Promised Land Trail
The pioneer spirit lives on. Retrace the footsteps of Tennessee’s earliest pioneers through forested mountains and hills. Stop to enjoy charming communities filled with quaint restaurants and cafes, shops full of unique treasures and natural areas showcasing the sights, sounds and wildlife the settlers encountered more than 200 years ago.
Cookeville Depot Museum
All aboard for a trip back in time. The museum has an extensive collection of artifacts, memorabilia, and photographs of the railroad's history in Putnam County. See running scale trains; then hop on an authentic 1913 Baldwin "10 Wheeler" steam engine. Erected in 1909, this depot is notable for being one of only three brick depots built by the Tennessee Central Railway Company and for its unusual pagoda-style roof design.
Sutton Ole Time Music Hour
Situated just a stone's throw from the Cumberland's banks, this was Granville's general store and grocery from the 1800s until the 1970s. Today, it has been beautifully restored to respect its heritage, with a second-floor balcony and many original features and fixtures. The space functions as a gift shop, family-style dining room, art gallery and bluegrass pickin' parlor — the Sutton Ole Time Music Hour is recorded here on Saturday nights and broadcast worldwide. Open Wed.-Sat., noon-3 p.m.
Sutton Homestead & Pioneer Village
Take a tour of this 1800s homestead in the quaint town of Granville, led by knowledgeable guides in period costume. Visit the blacksmith, weaving, and grist mill shops as well as a museum and working pioneer village. Don't miss the Transportation Museum, also on the grounds, for a look back on the history of travel by wagon, river, and automobile. Open Wed.-Sat., noon-3 p.m.
Appalachian Center for Craft
This 87,000-square-foot facility, located on more than 500 wooded acres overlooking Center Hill Lake, includes spacious studios, a retail gallery, exhibition galleries, hiking trails and an on-site café. In addition, it offers academic degrees and workshops in clay, fibers, glass metal and wood. Everyone can enjoy this beautiful craft-education facility. Special events include April's Celebration of Craft and November's Holiday Festival. Open daily, 9 a.m.-5 p.m.
Cumberland County Playhouse
This is the only major non-profit professional performing arts resource in rural Tennessee, and one of the 10 largest professional theaters in rural America. It serves more than 165,000 visitors annually with two indoor and outdoor stages.
Cookeville History Museum
Chosen for its two springs and its central spot in the new county of Putnam, Cookeville was chartered in 1856 as the county seat and named for Richard Fielding Cooke, who was instrumental in founding the county in 1854. The routing of the Nashville & Knoxville Railroad (later the Tennessee Central) through Cookeville in 1890 greatly stimulated its prosperity. The rails carried out products of its farms and forests and brought in manufactured goods. After a depot was built west of the square, businesses and residences sprang up nearby, giving Cookeville two commercial districts, WestSide and the Square.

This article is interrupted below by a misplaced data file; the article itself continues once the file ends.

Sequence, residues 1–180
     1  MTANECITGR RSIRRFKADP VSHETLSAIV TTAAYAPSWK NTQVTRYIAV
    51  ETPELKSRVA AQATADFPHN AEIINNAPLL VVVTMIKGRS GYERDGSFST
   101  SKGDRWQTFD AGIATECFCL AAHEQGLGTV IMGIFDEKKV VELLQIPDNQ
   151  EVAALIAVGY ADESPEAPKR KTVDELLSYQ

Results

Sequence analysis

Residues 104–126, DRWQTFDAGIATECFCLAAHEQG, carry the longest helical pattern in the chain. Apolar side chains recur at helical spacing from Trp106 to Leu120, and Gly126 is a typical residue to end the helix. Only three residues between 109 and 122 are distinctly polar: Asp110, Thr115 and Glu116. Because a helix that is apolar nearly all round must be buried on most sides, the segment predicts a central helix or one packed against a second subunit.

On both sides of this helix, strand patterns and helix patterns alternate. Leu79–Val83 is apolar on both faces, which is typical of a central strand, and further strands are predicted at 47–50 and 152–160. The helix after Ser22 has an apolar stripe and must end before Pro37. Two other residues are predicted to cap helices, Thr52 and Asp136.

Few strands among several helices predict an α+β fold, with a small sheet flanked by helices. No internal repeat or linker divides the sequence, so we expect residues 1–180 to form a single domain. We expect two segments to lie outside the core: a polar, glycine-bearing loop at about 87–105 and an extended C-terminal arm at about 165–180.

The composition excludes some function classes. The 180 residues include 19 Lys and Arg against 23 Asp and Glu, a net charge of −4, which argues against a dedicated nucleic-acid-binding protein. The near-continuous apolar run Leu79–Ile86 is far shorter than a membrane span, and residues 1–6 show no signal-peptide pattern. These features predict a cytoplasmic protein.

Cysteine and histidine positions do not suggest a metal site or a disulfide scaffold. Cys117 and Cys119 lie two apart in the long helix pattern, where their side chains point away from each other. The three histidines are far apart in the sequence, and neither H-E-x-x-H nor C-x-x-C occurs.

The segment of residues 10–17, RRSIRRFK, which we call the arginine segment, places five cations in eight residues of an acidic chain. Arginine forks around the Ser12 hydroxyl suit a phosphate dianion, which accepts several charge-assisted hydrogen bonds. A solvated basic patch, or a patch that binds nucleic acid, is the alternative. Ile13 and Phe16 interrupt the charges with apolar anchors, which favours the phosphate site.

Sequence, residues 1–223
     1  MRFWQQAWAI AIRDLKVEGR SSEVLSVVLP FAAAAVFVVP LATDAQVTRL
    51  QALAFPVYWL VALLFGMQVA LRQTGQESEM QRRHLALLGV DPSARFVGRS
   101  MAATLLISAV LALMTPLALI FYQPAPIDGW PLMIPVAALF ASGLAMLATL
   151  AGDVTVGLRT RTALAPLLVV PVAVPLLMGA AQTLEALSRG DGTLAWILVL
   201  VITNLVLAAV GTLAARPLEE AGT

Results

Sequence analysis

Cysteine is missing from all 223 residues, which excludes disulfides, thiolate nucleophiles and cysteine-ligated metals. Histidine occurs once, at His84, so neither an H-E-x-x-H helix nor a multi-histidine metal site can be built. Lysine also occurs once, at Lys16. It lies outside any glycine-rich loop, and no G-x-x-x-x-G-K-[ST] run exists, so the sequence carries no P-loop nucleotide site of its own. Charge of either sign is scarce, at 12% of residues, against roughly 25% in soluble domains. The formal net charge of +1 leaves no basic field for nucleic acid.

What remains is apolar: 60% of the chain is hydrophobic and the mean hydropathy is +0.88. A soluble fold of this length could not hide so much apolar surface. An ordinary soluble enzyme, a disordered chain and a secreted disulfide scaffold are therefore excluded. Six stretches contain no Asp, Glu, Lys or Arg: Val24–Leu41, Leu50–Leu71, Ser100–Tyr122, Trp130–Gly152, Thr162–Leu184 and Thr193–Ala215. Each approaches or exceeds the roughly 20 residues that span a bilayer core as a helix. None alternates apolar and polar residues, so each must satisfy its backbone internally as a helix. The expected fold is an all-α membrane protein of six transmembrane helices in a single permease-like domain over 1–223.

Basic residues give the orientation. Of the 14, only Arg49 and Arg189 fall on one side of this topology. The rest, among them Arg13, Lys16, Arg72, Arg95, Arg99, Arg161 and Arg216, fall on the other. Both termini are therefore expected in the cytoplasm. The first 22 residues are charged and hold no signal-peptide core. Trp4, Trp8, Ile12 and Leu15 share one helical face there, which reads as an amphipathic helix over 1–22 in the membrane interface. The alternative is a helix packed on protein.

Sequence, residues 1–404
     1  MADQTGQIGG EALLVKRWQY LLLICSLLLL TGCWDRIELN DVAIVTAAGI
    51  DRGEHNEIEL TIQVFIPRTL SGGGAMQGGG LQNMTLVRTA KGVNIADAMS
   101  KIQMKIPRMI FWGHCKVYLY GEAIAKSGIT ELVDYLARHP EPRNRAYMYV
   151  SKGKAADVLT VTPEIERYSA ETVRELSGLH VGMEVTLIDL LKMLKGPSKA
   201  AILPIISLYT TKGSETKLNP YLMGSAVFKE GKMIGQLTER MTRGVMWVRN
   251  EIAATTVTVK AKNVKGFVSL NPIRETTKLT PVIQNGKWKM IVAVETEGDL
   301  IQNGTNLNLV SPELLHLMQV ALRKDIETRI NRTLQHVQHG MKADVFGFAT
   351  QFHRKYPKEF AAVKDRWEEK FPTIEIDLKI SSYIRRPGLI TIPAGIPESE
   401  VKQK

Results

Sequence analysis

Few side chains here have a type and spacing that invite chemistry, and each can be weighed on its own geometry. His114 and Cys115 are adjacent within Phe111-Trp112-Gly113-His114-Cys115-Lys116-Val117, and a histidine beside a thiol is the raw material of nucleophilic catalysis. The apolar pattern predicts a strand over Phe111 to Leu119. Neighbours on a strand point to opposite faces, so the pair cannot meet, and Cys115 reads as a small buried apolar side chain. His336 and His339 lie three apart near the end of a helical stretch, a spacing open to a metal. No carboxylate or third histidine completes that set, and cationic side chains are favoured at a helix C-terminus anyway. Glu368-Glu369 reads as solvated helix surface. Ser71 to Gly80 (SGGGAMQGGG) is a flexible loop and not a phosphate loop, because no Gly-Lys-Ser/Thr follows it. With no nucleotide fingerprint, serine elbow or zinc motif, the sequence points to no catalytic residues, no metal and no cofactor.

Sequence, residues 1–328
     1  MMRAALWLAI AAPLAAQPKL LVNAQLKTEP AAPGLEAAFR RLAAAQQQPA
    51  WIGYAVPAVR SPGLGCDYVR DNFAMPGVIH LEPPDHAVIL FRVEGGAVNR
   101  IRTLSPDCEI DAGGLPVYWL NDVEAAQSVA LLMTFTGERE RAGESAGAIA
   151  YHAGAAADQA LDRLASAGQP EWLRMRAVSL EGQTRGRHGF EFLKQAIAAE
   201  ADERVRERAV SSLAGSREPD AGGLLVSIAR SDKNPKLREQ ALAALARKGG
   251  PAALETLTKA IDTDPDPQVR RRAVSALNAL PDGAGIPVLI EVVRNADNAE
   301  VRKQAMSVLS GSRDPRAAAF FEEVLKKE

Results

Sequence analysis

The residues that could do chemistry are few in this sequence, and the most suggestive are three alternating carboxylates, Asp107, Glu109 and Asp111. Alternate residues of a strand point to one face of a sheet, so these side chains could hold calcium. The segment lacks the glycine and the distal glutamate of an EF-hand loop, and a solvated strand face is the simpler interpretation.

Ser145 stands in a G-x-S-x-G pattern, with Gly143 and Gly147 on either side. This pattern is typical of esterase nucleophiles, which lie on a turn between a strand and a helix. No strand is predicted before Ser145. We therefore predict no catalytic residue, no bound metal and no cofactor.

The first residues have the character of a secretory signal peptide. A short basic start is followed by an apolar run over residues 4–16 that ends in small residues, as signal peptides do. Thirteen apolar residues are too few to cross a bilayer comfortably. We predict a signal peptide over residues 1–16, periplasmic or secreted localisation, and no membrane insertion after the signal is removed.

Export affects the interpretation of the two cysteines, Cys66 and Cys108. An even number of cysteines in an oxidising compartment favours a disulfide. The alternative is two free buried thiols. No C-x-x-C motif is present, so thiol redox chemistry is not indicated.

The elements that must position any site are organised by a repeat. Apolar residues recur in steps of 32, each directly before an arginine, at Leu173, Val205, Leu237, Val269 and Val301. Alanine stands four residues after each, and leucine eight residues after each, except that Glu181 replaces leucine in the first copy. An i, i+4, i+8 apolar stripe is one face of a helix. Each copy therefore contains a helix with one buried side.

Marathon Music Works
Part of the larger Marathon Village complex, a unique neighborhood of sorts that has become quite a Nashville hotspot, is made up of a group of 100-year-old warehouse buildings which was originally where the Marathon, a car made in the early 1900s, was built. Fast forward to today, and it has become just that. Barry rents the space out to creative companies with the belief that creative minds feed off each other. It’s become a complex for artists’, photographers’, and designers’ studios.
Gaylord Opryland Resort & Convention Center
Come experience the energy and excitement of Music City at Gaylord Opryland Resort. On the banks of the Cumberland River, our landmark Nashville hotel is just minutes from Nashville International Airport and a short drive or riverboat cruise from downtown Nashville. Underneath our climate-controlled, signature glass atrium lies an extraordinary selection of dining, shopping and recreation options that provide the perfect destination for any romantic weekend or family getaway.
The Garden Inn Bed & Breakfast at Bee Rock
This is one of the more popular climbing spots in Middle Tennessee, with a spectacular overlook of the Calfkiller River and Stamps Hollow. The Garden Inn offers guests a selection of 11 rooms with garden and mountain views. Located on private property, the owner allows photos and use of the area for climbing and hiking during limited hours. Climb at own risk.
Housed in an historic 1873 church building, this museum is filled with photos and memorabilia that provide a detailed pictorial history of Granville, along with artifacts and antiques from a bygone era. Open Wed.- Sat., noon-3 p.m.
The perfect mix of scenic beauty and relaxation, this historic property dates back to 1824, when a Tennessee land grant recorded it as Lockhart's Mill. Today guests can enjoy accommodations with covered decks and spectacular views, hiking, golf, and fishing.
Cummins Falls State Park
Listed as one of the 10 best swimming holes in the U.S. by Travel & Leisure magazine, Cummins Falls is Tennessee's eighth largest waterfall at 75 feet high. Originally granted to a Revolutionary War veteran in the late 18th century, eventually becoming a mill site in the 19th century, and now Tennessee's 54th state park, the site has been a favorite scenic area for visitors and residents for more than a century. Take in beautiful views, and find plenty of opportunities for swimming, picnicking, hiking and more.
DelMonaco Winery & Vineyard
The full wine experience starts here. Open daily, the site offers free walking tours of the vineyards and free tastings of its award-winning wines. Visitors may also browse the gift shop filled with wines and items for the wine connoisseur or novice, or just relax on the patio or in any of the open Bella Rooms.